In our time of mistrust, especially about our government, it's heartening and even a little shocking to see the Joads land in a government camp as their best available salvation; and the unreconstructed liberal politics of this movie are very much out of fashion, especially in Tom choosing the cause over his family. But even if the politics don't set right with you, this is just about as great a movie as you'll ever see, and is just as rousing in its empathy for the American people as the hymn from which it draws its title. Glory, hallelujah.

Rating for Style: A+
Rating for Substance: A+

 

Image Transfer

 One
Aspect Ratio1.33:1 - Full Frame
Original Aspect Ratioyes
Anamorphicno


Image Transfer Review: Fox has digitally restored the print of the film—the camera negative has disappeared, apparently—and it looks just exquisite. There's almost no grain at all, which may be overdoing it some; and the occasional print glitches are still evident. But Toland's work is sharp, saturated, and powerful—the faces are etched in light, and the landscapes occasionally may make you cry with their beauty.

Image Transfer Grade: A

 

Audio Transfer

 LanguageRemote Access
MonoEnglish, Spanishyes
DS 2.0Englishyes


Audio Transfer Review: Gimme that old-time mono, it's good enough for me. Things sound fine, with occasional high levels of hiss.

Audio Transfer Grade: B+

 

Disc Extras

Static menu
Scene Access with 32 cues and remote access
Subtitles/Captions in English, Spanish, French with remote access
1 Original Trailer(s)
5 Other Trailer(s) featuring All About Eve, An Affair to Remember, The Day The Earth Stood Still, The Ghost and Mrs. Muir, My Darling Clementine
1 Documentaries
7 Featurette(s)
1 Feature/Episode commentary by Joseph McBride and Susan Shillinglaw
Packaging: Amaray
1 Disc
2-Sided disc(s)
Layers: single

Extras Review: The extras may not be everything one might hope for with a picture of this importance, but they have some virtues nonetheless. Sitting for a commentary track are Joseph McBride, a John Ford biographer; and Susan Shillinglaw, Director of the Center for Steinbeck Studies at San Jose State University. They alternate, providing biographical detail on their respective subjects; there isn't much interplay between them, though. You'll learn more here about the film's context, but there isn't a tremendous amount of enlightenment. Their most spirited discussion is about whether or not the film is overly sentimental; Orson Welles thought so. On the other hand, Woody Guthrie called it the "best cussed picture I ever seen."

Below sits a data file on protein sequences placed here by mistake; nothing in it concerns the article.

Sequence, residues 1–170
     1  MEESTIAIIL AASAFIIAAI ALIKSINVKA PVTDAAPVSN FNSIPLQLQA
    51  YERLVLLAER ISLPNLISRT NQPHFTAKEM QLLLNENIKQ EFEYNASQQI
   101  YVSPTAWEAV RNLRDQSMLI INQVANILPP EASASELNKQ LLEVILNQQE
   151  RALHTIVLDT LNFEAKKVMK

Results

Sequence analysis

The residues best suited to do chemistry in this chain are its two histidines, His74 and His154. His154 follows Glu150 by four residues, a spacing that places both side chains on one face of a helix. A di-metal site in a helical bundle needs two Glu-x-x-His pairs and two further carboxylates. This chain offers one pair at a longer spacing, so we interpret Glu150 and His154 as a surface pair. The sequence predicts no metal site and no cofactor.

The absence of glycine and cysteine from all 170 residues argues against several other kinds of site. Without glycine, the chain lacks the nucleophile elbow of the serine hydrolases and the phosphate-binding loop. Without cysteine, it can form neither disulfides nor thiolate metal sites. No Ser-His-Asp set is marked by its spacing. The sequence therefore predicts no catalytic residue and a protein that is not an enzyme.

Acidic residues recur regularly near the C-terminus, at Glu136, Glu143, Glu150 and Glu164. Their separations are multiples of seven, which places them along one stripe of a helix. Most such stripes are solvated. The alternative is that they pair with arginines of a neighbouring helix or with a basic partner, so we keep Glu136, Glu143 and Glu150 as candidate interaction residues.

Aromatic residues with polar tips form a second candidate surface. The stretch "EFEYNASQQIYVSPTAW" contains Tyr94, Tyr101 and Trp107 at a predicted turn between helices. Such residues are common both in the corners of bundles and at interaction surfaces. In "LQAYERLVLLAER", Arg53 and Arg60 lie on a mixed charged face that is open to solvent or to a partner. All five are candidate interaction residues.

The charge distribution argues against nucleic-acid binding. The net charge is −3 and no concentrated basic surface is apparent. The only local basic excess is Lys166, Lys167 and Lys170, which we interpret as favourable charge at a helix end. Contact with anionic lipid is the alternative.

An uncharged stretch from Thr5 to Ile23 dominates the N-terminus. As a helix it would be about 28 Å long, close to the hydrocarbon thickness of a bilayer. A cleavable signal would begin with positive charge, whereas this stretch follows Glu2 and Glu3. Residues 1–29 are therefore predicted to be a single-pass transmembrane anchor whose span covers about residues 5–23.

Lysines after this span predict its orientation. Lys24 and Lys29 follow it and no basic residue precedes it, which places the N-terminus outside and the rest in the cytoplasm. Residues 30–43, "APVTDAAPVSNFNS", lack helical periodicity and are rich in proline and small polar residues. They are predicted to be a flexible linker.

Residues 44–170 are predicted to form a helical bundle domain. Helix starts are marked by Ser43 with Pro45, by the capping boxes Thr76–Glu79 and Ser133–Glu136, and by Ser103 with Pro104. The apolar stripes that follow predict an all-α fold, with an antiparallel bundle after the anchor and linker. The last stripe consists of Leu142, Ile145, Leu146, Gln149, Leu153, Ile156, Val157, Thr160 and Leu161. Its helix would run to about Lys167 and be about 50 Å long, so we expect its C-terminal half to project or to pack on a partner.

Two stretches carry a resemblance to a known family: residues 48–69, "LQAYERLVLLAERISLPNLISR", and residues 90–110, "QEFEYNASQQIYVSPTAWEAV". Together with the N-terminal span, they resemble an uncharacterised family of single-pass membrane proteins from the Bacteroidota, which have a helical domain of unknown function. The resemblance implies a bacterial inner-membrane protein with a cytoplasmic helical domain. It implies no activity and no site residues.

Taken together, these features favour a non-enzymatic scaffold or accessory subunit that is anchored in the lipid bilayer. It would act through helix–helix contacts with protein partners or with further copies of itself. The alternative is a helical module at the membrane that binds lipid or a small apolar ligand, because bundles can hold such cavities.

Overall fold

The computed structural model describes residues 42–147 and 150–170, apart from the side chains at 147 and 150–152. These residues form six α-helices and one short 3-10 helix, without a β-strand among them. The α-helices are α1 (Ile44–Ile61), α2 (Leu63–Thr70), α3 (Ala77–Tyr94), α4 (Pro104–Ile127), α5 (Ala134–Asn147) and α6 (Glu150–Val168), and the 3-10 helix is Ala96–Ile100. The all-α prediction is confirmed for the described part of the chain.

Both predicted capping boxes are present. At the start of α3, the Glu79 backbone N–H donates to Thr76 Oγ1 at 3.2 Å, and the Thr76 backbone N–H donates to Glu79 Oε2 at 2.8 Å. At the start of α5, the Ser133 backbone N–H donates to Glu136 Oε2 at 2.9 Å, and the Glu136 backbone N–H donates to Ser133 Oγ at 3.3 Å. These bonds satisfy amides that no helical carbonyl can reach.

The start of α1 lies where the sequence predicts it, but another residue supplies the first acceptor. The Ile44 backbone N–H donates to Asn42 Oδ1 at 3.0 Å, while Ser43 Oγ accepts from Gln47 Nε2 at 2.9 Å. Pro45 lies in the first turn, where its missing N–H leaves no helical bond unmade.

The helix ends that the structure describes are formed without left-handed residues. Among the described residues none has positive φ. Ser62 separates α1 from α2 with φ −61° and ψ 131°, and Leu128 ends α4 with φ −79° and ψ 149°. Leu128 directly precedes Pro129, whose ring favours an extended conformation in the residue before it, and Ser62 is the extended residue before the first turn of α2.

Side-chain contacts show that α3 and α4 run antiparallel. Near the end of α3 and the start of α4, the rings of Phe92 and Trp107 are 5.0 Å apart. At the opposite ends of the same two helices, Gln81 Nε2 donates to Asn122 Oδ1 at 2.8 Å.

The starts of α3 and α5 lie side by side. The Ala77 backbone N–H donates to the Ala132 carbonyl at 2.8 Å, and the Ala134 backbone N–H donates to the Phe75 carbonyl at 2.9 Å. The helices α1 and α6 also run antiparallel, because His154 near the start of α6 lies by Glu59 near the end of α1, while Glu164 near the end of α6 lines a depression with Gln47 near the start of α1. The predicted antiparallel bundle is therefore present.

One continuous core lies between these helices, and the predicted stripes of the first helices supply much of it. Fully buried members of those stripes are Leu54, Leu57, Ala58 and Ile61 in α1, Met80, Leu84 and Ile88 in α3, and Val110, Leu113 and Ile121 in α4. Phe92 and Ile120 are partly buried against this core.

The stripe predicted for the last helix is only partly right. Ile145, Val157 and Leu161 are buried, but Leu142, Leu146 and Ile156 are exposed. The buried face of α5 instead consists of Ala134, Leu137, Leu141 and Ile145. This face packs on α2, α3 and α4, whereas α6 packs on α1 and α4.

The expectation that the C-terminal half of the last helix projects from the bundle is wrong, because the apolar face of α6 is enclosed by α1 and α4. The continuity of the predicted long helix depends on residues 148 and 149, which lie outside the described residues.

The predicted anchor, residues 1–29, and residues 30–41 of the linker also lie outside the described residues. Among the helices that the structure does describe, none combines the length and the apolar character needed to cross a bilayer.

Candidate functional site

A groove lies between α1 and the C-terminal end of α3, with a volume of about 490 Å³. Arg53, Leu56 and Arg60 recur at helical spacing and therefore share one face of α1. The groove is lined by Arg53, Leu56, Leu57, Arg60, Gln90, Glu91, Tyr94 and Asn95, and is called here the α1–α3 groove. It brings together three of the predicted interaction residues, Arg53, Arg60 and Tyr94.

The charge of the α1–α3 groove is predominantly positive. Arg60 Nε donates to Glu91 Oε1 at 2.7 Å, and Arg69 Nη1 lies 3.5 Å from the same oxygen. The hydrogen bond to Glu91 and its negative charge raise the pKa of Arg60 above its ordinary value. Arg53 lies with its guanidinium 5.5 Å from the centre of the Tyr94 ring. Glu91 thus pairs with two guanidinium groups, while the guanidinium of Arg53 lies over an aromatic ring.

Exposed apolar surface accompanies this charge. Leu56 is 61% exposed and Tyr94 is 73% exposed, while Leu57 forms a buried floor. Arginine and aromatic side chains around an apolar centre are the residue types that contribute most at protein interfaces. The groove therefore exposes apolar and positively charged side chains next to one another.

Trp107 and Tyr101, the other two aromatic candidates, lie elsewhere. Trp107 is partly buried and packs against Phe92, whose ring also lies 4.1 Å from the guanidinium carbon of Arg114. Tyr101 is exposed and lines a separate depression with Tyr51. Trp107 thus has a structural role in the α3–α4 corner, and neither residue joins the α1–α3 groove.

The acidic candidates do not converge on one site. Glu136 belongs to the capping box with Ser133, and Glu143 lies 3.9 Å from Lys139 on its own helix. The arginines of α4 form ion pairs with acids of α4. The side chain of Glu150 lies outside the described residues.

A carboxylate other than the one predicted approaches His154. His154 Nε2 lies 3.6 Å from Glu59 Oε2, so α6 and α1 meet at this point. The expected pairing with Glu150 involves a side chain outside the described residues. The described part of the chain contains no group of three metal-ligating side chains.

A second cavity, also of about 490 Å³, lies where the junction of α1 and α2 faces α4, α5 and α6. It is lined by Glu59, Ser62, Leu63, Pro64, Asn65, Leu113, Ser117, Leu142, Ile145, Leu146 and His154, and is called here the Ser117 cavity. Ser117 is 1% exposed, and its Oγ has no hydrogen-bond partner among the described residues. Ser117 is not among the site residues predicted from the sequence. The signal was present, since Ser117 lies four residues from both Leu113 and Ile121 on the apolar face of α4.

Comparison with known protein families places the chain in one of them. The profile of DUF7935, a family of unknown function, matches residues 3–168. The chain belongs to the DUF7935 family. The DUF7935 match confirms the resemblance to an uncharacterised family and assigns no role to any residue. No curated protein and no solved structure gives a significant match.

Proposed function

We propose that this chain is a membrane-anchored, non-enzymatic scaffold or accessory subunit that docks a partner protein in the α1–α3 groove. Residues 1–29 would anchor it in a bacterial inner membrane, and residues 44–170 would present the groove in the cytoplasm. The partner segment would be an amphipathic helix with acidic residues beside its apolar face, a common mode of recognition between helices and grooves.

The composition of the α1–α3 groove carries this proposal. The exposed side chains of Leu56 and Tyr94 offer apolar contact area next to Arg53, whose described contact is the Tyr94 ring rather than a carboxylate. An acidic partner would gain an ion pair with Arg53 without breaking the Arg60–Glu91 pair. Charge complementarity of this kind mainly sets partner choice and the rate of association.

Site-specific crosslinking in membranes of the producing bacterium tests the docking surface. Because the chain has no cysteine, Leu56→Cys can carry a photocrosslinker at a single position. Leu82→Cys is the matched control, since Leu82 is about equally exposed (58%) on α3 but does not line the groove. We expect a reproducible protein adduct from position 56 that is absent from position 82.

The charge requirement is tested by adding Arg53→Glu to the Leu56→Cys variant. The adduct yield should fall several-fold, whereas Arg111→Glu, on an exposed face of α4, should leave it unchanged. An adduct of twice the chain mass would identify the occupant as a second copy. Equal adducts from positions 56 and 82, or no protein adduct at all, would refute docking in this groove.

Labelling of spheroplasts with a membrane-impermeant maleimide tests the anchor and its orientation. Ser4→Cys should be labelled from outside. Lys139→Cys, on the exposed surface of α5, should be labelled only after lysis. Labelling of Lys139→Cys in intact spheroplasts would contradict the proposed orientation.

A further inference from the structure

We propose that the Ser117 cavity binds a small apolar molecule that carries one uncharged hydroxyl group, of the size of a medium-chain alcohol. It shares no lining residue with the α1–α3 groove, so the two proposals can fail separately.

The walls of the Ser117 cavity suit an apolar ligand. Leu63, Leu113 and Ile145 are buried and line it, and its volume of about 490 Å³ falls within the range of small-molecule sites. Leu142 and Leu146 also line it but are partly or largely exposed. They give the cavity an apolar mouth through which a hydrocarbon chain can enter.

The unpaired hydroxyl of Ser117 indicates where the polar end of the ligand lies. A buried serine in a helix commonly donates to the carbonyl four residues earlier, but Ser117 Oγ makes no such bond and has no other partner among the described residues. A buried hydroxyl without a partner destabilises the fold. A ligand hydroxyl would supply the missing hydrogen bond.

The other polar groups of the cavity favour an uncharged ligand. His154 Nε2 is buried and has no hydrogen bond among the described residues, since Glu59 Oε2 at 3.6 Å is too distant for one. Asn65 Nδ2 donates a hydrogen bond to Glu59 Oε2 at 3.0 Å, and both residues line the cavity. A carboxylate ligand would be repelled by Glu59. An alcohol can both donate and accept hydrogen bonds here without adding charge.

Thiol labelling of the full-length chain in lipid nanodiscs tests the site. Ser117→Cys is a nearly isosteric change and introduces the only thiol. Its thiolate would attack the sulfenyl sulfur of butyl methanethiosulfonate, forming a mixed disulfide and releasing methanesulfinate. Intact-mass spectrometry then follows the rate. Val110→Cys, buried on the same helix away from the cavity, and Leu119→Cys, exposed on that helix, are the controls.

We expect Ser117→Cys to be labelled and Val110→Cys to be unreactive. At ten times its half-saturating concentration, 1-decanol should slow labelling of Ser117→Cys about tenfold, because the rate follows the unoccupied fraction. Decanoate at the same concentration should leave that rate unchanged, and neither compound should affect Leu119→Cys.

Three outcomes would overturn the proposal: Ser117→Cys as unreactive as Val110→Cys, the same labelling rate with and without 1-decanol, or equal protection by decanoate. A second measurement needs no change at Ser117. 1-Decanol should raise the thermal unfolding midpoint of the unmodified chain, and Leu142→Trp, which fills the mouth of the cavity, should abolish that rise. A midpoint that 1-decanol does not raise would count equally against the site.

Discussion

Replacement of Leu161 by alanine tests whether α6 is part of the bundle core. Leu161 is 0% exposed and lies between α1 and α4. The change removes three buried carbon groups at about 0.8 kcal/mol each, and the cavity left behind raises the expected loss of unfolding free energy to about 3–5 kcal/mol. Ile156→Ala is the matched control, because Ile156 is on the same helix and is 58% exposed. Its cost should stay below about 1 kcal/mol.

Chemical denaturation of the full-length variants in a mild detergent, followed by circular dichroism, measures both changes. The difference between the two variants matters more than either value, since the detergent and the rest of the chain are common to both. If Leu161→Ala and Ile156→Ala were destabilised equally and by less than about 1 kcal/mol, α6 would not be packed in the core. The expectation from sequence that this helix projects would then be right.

Also on the first side, with the feature, is the prologue that appeared with the film in the United Kingdom, a series of title cards filling in the audience on the historical facts of the Dust Bowl and the like. Flip that disc on over for the rest of the extras, starting with a segment from A&E's Biography, on Daryl F. Zanuck, the film's producer. He's the man who defined 20th Century Fox, and the documentary discusses the personal and professional life of the man whose career started with silent pictures and ran all the way up to Butch Cassidy and the Sundance Kid.

You'll also find a restoration comparison, showing the good work that Fox did in concert with the Museum of Modern Art; and five vintage newsreels. Three are from 1934, at the height of the drought; one is a series of outtakes from that same period, showing government camps for migrant workers; and the last shows FDR addressing Hollywood in 1941, and is highlighted by Jane Darwell accepting her Academy Award for her performance in this movie—the presenters are Lunt and Fontanne. Finally, aside from an original trailer, there's a still gallery, with photos from on and off the set, and of publicity materials.

Extras Grade: B-

 

Final Comments

Ford, Steinbeck, Fonda, and Toland may be, in their various disciplines, four of the greatest artists of their time; and this film not only shows their enormous talents off to great advantage, but shows that at its best, film is a collaborative medium, as they seem to have had a catalytic effect on one another. The Grapes of Wrath is a beautiful, heartfelt, towering, crucial motion picture, and on this disc looks as stunning as it ever has, or ever will. Mine eyes have seen the glory of the coming of the Lord.